by Doug Ireland
Sportswriter O.K. “Buddy” Davis never wanted to make the news … except this one time.
That’s why I am sure he died smiling.
No one had a clue that Orville Kince Davis, best known in his hometown of Ruston as “Buddy,” in all of his 72 years, had money to give. But that became apparent with recent announcements of $100,000 bequeaths from his estate to the Louisiana Sports Hall of Fame Foundation and Louisiana Tech Athletics. The news also revealed Buddy willed major gifts to the Methodist Children’s Home in Ruston, the Eddie G. Robinson Museum in Grambling (“Coach Rob was like a father to me,” Buddy often said), the Ruston High Alumni Association, the North Louisiana Military Museum in Ruston (Buddy’s real dad was a heavily decorated World War II hero) and a rescue dog group in Lincoln Parish.
In the immediate aftermath of the mid-July 2013 stroke that all but immobilized him, Buddy’s closest friends (after his folks passed, he had no immediate family, only a couple of distant relatives) quickly began a fundraising campaign to offset what were going to be staggering, long-term expenses for his care. Sure, he had insurance, but there was a ceiling there that was going to be the first floor of a skyscraper.
Heading the effort and steering all the vital decisions was his dear friend and boss, Ruston Daily Leader publisher (since retired), Rick Hohlt. Following a check presentation to the LSHOF Foundation in the “O.K Buddy Davis Media Room” at Tech’s Joe Aillet Stadium, Hohlt, who handled Buddy’s estate, recalled a shocking discovery that muted the fundraising.
“Buddy had done very well. It turned out we didn’t need to ask other people for money,” he said.
There were no reasons for anyone to know. He lived in his parents’ modest wood-frame house, behind the Starbucks store near the RHS and Tech campuses. Buddy’s wardrobe was sportswriter-frumpy, ball caps nearly ever-present … no new car or truck. Favorite eats? Griff’s Hamburgers, good catfish, free food in the press room.
One of the few clues: he traveled a bunch, coast to coast (and to Hawaii) to cover Tech and Grambling, and even was a credentialed media member at several Olympic Games. Doubtful the Daily Leader was footing much, if any, of that. Even if he was on team flights courtesy of the schools, which was not always the case, there were some expenses to cover.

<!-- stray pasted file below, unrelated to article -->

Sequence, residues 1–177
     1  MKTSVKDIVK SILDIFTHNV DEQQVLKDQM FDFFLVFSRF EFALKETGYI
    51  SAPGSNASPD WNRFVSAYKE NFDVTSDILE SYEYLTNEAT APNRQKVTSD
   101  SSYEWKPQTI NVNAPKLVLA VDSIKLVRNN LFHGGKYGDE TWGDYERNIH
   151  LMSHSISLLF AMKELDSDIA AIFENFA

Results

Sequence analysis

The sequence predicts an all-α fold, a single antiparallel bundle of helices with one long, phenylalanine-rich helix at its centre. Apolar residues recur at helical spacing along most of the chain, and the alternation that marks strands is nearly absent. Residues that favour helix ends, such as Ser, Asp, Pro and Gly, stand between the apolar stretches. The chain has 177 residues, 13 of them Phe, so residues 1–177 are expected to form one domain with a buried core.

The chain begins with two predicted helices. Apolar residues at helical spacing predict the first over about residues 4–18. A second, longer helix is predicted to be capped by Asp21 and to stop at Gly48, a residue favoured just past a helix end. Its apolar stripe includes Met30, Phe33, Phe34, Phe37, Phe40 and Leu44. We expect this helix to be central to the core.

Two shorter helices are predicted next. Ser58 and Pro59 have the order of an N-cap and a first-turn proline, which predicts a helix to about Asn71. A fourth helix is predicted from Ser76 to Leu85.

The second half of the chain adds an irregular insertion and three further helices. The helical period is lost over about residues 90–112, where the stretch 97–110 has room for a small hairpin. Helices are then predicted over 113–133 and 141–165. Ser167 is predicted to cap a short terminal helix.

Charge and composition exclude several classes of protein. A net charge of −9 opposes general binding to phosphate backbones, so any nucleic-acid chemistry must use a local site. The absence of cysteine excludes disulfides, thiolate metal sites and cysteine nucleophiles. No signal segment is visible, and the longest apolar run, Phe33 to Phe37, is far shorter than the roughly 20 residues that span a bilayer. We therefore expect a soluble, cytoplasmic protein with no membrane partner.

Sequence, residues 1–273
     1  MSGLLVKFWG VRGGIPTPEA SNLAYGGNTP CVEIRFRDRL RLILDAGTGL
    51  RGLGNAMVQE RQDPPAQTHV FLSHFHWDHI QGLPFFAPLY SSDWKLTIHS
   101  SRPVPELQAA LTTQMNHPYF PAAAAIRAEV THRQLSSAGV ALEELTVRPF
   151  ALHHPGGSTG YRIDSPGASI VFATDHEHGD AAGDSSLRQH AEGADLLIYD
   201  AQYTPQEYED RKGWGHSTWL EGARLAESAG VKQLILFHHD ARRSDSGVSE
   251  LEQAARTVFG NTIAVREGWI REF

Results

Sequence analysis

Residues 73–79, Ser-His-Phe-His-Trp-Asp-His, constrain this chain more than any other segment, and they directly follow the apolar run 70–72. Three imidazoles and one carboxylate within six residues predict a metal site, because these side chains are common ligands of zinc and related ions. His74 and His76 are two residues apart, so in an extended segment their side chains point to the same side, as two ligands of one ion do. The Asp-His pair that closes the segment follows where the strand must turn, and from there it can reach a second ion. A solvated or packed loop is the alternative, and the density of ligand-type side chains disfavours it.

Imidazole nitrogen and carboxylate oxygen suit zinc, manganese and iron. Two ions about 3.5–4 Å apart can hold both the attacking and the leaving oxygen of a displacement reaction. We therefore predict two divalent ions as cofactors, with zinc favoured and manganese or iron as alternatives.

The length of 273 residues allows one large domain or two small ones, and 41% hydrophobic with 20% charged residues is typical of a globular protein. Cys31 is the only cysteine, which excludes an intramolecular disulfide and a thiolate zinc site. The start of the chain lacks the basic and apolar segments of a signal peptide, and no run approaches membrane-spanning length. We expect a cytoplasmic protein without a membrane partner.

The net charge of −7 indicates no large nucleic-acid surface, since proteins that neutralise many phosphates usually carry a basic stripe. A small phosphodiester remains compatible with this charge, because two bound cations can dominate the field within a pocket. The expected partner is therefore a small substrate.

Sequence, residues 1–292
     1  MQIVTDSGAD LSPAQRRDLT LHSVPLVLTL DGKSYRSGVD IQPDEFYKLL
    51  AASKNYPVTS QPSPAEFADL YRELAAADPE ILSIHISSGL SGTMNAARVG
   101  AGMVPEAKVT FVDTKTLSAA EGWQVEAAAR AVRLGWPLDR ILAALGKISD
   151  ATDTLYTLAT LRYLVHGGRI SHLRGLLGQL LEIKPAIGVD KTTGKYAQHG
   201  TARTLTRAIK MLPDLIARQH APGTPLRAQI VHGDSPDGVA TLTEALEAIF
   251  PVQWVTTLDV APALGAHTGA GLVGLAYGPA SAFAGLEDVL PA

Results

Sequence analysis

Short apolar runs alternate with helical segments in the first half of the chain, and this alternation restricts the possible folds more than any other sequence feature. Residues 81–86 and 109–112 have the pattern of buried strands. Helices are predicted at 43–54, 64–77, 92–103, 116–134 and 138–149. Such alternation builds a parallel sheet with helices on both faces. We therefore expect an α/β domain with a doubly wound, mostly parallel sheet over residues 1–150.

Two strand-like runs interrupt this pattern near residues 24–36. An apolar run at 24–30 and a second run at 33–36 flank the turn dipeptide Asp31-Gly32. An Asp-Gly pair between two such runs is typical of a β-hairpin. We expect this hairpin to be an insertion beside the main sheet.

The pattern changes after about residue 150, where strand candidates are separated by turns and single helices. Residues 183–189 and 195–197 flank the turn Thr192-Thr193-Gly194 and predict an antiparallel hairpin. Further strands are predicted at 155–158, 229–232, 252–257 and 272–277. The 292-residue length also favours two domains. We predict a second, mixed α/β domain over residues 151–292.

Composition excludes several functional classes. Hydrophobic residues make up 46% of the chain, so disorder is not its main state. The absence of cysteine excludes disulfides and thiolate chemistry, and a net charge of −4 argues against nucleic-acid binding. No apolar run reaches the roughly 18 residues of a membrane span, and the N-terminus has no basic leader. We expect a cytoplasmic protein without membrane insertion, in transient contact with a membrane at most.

Buddy was operating under the radar, secretly building up a million-dollar estate far beyond whatever meager salary he drew, never planning to spend it on himself. Sadly, about half his savings went to his care in the six years since the stroke, but that still left a considerable sum that he shared with causes and a few children of people dear to him.
So I’m sure he had a smile when, as his dear friend, Teddy Allen, put it, “Buddy finally ran out of gas” this July 13. He was completely exhausted from six years of having little control over anything other than his right hand, his mind and his attitude. He continued to churn out columns, blogs, tweets, texts and make phone calls, occasionally sidelined by medical complications, but always determined to resume telling sports stories and nurturing relationships like he’d done since he was a part-time Daily Leader scribe in the late 1960s.
Along the way, he became a dear friend to thousands. Some were, or became, famous, folks like Bert Jones, Terry Bradshaw, Kim Mulkey, Karl Malone, Archie Manning, Leon Barmore, Fred Dean, Willis Reed (that’s a very abbreviated list) … all who stayed close in the last six years. There was at least as deep a bond with colleagues, and with kids he had written about during their little league careers, or adults in a bowling league.
Buddy was lovable. And in his farewell, he was true to form. He shared his love, and gracefully ensured that it would be impactful for many years to come.
So if you visit the Louisiana Sports Hall of Fame at 800 Front Street in Natchitoches next year and down the road, Buddy will be smiling, and your experience will be even better, thanks to him.